A new year calls for a new Staff Spotlight! Meet Gaven Trinidad, NYTW’s Community Engagement Associate. Gaven was a workshop intern back in 2014, and we were thrilled when he joined us full time. See what inspires Gaven and what keeps them moving forward!
Tell us about your role at the Workshop?
I’m NYTW’s first full-time Community Engagement Associate. I help build, sustain, and expand NYTW’s public artistic and educational programs—empowering community members, local artists, and partner organizations with the tools and knowledge to be arts leaders in their respective neighborhoods and communities. I first joined NYTW as the first Community Engagement intern during the 2014/15 season. I’m happy to return! Oh, fun fact: during the pandemic I’ve been illustrating for NYTW! You may have seen some of my illustrations in our email blasts or on our social media.
Most memorable show or experience at NYTW?
As an intern at the Workshop, I was given many opportunities to work with artists and observe their process of art-making and collaboration. In 2015, I was assigned as one of the PAs for an early two-week workshop of Hadestown. I watched closely how Anaïs Mitchell and Rachel Chavkin collaborated with their designers and actors to more fully flesh out the musical. It was breathtaking to see new songs being written and observe first-hand how meaningful collaboration leads to creating transformative theatre. I was witnessing musical theatre history being made!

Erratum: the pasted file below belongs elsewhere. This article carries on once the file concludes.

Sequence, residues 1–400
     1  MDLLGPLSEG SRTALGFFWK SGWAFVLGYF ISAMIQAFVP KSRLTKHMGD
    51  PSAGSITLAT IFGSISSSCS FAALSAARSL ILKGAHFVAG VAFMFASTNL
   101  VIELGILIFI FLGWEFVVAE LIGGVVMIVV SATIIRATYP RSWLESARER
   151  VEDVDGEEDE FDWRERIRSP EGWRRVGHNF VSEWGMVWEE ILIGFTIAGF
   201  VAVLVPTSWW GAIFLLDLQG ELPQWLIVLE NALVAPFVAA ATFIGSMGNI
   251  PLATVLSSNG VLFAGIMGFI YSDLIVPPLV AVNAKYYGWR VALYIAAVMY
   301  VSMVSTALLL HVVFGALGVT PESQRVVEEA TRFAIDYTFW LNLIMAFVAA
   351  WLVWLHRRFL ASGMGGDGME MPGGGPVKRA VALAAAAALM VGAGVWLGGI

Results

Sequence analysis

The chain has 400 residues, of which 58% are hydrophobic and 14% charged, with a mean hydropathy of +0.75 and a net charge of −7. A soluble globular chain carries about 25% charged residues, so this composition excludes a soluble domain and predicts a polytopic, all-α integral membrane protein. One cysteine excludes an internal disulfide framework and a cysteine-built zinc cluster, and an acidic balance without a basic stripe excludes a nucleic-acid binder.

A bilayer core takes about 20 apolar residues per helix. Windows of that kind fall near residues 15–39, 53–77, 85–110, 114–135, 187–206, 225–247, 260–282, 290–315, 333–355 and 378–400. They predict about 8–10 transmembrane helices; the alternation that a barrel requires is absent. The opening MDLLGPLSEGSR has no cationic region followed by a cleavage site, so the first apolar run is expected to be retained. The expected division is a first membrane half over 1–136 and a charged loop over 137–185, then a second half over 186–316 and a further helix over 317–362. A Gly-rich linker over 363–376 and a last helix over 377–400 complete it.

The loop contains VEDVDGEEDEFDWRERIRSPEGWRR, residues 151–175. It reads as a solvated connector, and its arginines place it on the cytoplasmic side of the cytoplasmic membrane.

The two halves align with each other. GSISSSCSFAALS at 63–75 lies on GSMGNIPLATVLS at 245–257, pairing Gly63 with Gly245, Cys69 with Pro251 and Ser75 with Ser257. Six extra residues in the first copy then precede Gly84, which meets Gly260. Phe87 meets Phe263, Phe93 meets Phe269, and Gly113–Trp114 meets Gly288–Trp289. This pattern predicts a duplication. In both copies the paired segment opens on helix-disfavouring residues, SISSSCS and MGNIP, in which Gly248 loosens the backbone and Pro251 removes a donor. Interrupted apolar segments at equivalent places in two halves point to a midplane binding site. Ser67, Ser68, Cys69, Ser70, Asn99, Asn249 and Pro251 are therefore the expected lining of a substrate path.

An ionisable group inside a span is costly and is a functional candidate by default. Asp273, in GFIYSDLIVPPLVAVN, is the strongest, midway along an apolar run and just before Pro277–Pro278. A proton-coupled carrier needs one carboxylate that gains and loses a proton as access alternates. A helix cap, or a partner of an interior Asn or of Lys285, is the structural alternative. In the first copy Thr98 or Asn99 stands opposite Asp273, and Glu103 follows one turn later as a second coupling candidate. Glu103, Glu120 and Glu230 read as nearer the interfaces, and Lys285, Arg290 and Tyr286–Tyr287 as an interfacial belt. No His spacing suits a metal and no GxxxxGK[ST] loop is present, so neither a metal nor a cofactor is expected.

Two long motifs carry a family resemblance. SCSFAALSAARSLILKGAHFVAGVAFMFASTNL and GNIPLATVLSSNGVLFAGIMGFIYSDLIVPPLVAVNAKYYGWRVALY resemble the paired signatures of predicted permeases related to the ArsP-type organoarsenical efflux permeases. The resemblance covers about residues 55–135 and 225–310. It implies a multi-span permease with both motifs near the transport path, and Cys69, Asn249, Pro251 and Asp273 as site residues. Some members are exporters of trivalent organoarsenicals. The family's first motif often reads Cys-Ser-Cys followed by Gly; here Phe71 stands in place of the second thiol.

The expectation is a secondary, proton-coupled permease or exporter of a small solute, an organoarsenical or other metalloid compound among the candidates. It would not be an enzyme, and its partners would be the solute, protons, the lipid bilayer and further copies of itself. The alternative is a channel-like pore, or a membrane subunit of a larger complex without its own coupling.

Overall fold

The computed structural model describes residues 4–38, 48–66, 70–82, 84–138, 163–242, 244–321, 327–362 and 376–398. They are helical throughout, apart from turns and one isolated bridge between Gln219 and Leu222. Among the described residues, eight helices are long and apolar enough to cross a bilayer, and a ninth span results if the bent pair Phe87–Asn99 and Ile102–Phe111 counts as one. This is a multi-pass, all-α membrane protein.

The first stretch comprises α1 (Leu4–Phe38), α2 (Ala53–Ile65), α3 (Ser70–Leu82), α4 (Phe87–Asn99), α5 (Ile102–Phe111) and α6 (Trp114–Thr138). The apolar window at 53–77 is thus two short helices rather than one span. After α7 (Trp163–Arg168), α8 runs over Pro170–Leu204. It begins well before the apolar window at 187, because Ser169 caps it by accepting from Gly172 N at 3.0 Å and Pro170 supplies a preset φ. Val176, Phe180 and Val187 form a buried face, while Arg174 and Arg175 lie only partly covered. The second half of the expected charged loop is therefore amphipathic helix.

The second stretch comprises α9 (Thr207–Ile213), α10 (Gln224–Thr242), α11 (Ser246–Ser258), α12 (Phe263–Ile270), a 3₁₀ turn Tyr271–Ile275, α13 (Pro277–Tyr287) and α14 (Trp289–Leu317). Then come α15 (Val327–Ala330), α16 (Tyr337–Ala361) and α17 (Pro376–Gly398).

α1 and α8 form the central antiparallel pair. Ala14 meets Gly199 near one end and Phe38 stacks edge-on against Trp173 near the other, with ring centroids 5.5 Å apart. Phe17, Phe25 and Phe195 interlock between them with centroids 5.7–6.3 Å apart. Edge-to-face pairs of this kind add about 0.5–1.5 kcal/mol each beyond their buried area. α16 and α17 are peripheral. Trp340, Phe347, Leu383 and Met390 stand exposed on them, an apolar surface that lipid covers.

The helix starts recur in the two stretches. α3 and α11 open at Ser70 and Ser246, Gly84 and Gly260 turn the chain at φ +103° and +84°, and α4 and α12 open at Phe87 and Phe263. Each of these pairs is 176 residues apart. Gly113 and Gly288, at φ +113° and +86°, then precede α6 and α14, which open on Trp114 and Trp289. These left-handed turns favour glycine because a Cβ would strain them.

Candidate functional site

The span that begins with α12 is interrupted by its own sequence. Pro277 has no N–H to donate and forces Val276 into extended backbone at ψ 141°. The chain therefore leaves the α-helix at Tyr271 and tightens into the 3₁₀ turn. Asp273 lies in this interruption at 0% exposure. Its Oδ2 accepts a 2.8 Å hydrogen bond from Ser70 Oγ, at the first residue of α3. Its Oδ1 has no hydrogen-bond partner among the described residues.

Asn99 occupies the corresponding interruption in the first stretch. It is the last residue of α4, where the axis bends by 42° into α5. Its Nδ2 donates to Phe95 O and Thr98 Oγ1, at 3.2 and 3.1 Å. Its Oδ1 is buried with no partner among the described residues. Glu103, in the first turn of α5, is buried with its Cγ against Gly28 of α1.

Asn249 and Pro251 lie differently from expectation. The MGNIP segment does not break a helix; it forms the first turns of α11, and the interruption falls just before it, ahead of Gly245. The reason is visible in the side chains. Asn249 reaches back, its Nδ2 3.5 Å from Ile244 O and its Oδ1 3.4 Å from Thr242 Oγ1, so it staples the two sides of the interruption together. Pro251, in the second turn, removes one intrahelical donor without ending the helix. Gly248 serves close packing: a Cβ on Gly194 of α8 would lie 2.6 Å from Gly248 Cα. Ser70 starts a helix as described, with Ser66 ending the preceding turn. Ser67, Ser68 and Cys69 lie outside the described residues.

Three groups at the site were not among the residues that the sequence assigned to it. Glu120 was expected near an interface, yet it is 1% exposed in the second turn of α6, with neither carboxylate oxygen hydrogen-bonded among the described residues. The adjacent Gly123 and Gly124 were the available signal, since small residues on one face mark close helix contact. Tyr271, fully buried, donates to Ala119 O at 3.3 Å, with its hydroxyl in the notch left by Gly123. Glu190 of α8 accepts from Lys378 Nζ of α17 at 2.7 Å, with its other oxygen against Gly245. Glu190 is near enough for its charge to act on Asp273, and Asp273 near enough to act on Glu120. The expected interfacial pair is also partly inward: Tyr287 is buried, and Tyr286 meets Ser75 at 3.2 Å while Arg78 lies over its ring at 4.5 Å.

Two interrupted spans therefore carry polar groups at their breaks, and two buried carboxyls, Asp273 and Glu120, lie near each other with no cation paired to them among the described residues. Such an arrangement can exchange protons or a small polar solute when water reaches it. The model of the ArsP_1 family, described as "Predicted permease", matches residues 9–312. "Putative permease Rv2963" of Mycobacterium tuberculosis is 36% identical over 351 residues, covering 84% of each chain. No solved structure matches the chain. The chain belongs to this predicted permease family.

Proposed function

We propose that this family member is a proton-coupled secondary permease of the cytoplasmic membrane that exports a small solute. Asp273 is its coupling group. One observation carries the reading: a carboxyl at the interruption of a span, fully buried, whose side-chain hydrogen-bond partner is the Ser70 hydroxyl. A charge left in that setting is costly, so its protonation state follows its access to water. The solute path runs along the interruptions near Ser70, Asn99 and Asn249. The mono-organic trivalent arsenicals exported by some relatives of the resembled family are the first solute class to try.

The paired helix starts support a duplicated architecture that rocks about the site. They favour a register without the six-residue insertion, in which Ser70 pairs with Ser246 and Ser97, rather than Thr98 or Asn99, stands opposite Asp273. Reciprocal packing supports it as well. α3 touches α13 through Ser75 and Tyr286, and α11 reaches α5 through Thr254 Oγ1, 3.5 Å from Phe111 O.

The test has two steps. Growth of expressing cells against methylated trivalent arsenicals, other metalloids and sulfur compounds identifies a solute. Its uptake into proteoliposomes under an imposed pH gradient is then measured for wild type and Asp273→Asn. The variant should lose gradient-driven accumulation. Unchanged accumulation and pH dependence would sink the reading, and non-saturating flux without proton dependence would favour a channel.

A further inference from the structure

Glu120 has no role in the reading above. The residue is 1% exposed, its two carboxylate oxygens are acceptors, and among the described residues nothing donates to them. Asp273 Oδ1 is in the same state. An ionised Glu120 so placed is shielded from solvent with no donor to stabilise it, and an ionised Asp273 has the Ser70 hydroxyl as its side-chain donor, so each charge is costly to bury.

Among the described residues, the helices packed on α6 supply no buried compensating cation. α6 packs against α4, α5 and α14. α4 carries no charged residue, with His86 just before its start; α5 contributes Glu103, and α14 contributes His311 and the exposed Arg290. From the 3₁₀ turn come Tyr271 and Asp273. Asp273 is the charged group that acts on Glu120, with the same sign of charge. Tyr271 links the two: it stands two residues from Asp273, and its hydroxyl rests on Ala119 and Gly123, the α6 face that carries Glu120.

What is your first memory of going to the theatre?
When I was 10-years-old, I attended a performance of Phantom of the Opera a week or two after 9/11. The theatre was less than a quarter full. Many people were still frightened to go out. When the curtain rose for the beginning of Act II, the show stopped as all the audience members clapped for a good minute or two to share their appreciation for the artists on and behind the stage. I distinctly remember holding tears back. It was that moment that made me love the art form beyond just enjoying the spectacle. I started wondering about how theatre also fed my soul and could be a tool for transformation with the ability to build empathy during dark and challenging times.
Who inspires you?
Immigrants! My family is an immigrant family, living in multiple worlds, cultures, and languages simultaneously. I’ve been thinking more about my late Filipino grandfather who was in the American army in World War II; my father and his friends who were active in the protests against the dictatorship of Filipino Dictator Ferdinand Marcos; as well as my aunt, the former Executive Director of the Women’s Crisis Center in Manila. My family’s legacy as community leaders and activists continues to fuel and inspire my artistry on and off stage.
Without live theatre, what have you been consuming?
I’ve been playing lots of Virtual Reality (VR) video games. The storytelling via VR has become so sophisticated, and it is interesting to see theatre artists using the medium to create theatrical events during the pandemic. I’ve also been professionally virtually directing and dramaturging new theatrical work, having notably directed on Zoom for Rattlestick/Pride Play Festival last year. Oh yeah, I’ve been attending ASL (American Sign Language) school. I was formally learning ASL before the shutdown last March and I am happy to be continuing my studies virtually. When we do return to in-person events, I cannot wait to get back to my local boxing gym! I’ve been shadow boxing in my apartment, but it’s not the same as sparring or punching a bag.